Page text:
Palm Beach County Sheriff’s Sgt. Adams Lin watched helplessly on Saturday as federal marshals seized his personal belongings including his car, clothes, television and furniture, to help pay the expenses of a 23-year-old West Palm Beach man he shot, and paralyzed for life.
Attorney Jack Scarola, who won a $22.4 million jury verdict for Stephens last year, said he got permission from a federal magistrate to take the unusual step of seizing Lin’s belongings and property to pay off the judgment that is against both the deputy and the Palm Beach County Sheriff’s Office.
“It doesn’t give me any joy to do this,” he said. “This was not a happy morning spent on Saturday. It was something we did because we felt an obligation to protect my client’s interest. My client remains destitute.”
The move outraged John Kazanjian, president of the Palm Beach County Police Benevolent Association. In 37 years in law enforcement, he said he’s never heard of an officer’s belongings being taken to be sold at an auction.
“It makes us have to think every time when we go out to do our job: Are we going to be civilly liable? Do we have to rent all of our property?” he said. “This is a bad, bad precedent.”
Scarola said Sheriff Ric Bradshaw could have spared Lin the pain and embarrassment of watching his car loaded on a flatbed truck and his furniture and clothes carted away in a moving van. He could have paid Stephens the $200,000 he will be legally obligated to pay if the verdict is upheld on appeal.
“The sheriff was offered the opportunity to protect his employee and avoid the seizure,” Scarola said. “He declined not to do it.”
Scarola said there is another option. Before Lin’s goods are sold, he said Bradshaw could agree to pay Stephens the $200,000.
Attorney Steven Ellison, who represents Lin, declined comment as did attorney Summer Barranco, who represents the sheriff’s office and Lin along with attorney Richard Giuffreda.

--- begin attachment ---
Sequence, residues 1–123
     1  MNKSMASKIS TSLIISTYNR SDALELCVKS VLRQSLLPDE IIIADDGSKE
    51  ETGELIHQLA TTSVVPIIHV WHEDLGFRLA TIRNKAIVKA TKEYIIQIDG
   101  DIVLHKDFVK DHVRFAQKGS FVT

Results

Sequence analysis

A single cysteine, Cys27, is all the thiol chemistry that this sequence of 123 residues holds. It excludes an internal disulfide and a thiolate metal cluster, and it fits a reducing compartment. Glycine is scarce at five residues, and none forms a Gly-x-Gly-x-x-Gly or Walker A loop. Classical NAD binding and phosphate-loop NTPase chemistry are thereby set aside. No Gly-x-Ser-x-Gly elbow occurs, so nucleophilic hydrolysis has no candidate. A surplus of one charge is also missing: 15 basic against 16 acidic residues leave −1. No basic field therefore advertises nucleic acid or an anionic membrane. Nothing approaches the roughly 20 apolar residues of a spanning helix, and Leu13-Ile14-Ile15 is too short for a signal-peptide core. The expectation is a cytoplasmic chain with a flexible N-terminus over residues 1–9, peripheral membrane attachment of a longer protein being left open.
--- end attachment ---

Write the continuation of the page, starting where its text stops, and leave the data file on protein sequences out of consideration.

Scarola readily admitted he’s playing “hardball” with Bradshaw. At auction, Lin’s used furniture, golf clubs, fishing rods and computer, won’t fetch much money. “If I can collect $100 for Dontrell Stephens, I’ll collect $100 for Dontrell Stephens, ” he said.
Scarola had already gone to court in an unsuccessful attempt to seize Lin’s wages for Stephens. Seltzer denied the request because Lin, who is divorced, provides more than 50 percent of the support for his young daughter, which exempts his salary from garnishment.
However, Scarola said, the law clearly allows him to ask that Lin’s personal property be seized. He said he got the approval in a private meeting with a federal magistrate. The proceedings, by law, are secret so property authorized for seizure doesn’t disappear before it can be seized.
“It was very obvious that it came not just as a surprise but as a great shock to him,” Scarola said.
Some officers have suggested holding a fundraiser for Lin, but Kazanjian said they fear any money contributed to Lin would be seized. Scarola said there is a provision in the law that would allow Lin to keep $4,000 worth of his property.
Stephens, who grew up in poverty and never finished high school, was awarded $22.4 million by a federal jury, which found that Lin used excessive force in 2013 when he shot Stephens minutes after stopping him for riding his bicycle erratically in morning rush-hour traffic on Haverhill Road, west of West Palm Beach. The sheriff’s office is also responsible for the verdict.
In October, Stephens was arrested on charges of selling marijuana, cocaine and heroin to a confidential informant. He was released from the Palm Beach County Jail to Neulife Rehabilitation in Mount Dora, where he remains.
Even if the multi-million-dollar verdict is upheld, the most the sheriff’s office could be forced to pay Stephens is $200,000. Under Florida law, that is the most governments can be forced to pay for wrongdoing. To get more, Scarola would have to persuade the state legislature to pass a claims bill, lifting the cap.
Scarola said Bradshaw should pay Stephens the first installment. “The sheriff’s office put Dontrell Stephens in a wheelchair for life and they know the desperate circumstances he is in,” he said. “There is no legal justification for refusing that first $200,000. None.”